The trick of course is to harness the fantastic benefits of the digital world to the needs of the heart to make intense, emotionally connected films. That’s certainly our goal. And one of the benefits of going to Berlin with This Way of Life was the solidifying of that purpose. Vive l’obsession!

Well said! Tom’s philosophy (and forthcoming book about) Frugal Filmmaking expresses exactly that wisdom. It’s the approach we shared on The Insatiable Moon – look out for the March issue of Onfilm magazine where you can find a blow by blow description of it. It’s a trifle premature to talk about a gathering revolution in filmmaking, but at least the signs of resistance are there. While recently the NZ Film Commission has been championing low-budget productions through its Elevator programme, one wonders if a bureaucracy can do anything but hinder a natural movement. In their latest newsletter, they laud the success of This Way of Life at Berlin, despite having given minimal support to the film. And in their list of films in post-production in New Zealand, The Insatiable Moon has strangely fallen off the list.

It’s a strange kind of honour and endorsement to be flying under the radar. If the definition of independent film is that which is made outside the auspices of the studios, then the only true independent films in NZ may be those which are made without the support of NZFC. While the good people at the Commission do a great job of trying to assist film with limited resources, the very system unwittingly hampers originality and passion. All arts funding bodies create distrust and dependency, in my experience. There’s a huge amount of freedom from riding bareback.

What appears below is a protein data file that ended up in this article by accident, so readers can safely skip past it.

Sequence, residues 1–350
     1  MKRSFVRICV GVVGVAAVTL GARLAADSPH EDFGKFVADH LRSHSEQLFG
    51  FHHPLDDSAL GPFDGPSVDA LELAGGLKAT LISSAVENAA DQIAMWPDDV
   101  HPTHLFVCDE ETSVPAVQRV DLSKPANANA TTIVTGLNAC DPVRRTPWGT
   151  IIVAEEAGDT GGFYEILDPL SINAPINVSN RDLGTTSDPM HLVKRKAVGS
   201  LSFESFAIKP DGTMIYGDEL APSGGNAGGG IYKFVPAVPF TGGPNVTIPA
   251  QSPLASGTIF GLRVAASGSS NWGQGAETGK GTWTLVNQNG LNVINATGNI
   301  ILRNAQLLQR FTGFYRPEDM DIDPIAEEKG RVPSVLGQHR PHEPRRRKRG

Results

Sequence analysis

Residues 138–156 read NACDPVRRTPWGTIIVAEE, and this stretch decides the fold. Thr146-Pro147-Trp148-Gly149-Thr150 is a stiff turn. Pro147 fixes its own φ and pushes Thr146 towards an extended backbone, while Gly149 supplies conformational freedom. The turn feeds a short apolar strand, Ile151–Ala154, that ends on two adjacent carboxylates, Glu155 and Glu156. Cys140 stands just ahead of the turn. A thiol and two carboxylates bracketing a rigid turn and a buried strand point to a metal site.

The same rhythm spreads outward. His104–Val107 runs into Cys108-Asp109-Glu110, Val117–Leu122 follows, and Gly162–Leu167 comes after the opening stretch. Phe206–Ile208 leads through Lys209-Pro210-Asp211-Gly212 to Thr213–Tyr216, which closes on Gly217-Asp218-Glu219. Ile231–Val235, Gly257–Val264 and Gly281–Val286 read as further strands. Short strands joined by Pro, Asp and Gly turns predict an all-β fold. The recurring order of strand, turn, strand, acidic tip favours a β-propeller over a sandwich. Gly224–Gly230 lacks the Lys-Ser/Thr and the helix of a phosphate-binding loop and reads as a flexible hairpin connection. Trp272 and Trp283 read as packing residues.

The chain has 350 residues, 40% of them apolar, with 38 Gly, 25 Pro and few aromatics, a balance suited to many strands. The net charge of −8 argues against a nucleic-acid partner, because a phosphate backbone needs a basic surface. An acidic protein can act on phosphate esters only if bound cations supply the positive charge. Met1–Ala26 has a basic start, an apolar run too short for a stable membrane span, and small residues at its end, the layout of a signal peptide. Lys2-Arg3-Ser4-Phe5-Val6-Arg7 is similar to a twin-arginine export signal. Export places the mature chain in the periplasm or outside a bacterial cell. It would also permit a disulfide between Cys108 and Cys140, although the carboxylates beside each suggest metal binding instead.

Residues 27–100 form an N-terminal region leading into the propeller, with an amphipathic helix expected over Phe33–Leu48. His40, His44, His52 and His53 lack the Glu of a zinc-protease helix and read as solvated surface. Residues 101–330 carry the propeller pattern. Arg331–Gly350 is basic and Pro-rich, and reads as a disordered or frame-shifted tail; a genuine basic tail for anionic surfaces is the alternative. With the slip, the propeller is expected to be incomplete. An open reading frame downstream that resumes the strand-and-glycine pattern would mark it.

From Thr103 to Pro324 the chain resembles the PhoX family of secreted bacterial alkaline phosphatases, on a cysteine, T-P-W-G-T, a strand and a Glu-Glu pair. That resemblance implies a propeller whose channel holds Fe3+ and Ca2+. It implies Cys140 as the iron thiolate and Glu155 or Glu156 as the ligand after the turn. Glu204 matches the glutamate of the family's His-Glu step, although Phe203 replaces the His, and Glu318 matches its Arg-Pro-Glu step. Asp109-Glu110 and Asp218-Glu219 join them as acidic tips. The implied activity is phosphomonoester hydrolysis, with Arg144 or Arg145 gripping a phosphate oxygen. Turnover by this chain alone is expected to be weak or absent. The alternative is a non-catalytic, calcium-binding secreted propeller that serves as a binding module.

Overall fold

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Uncertain Waters

Over the weekend, at a symposium on digital cinema at Victoria University in Wellington, there was a difference of opinion among panelists regarding the impact of digital distribution:

Movie makers are at odds over the impact of digital technology on the industry, with one Kiwi film-maker saying independent movies are under threat and audiences will lose out.

Gaylene Preston, the director of Perfect Strangers and War Stories Our Mothers Never Told Us, says a move to digital distribution – in which films can be easily delivered via fibre-optic cables to computer hard-drives rather than on film reels to cinemas – means there will be fewer distributors to pick up and promote smaller independent movies, which typically have budgets of $2 million to $5m.

“There will be fewer little films … because they’re getting harder and harder to market worldwide.”

There has already been drastic consolidation in the United States film distribution industry, she says. When releasing her film Mr Wrong in 1985 there were 250 distributors in the US she could negotiate with. Now there are about five.

Another old dog of NZ film was largely in agreement: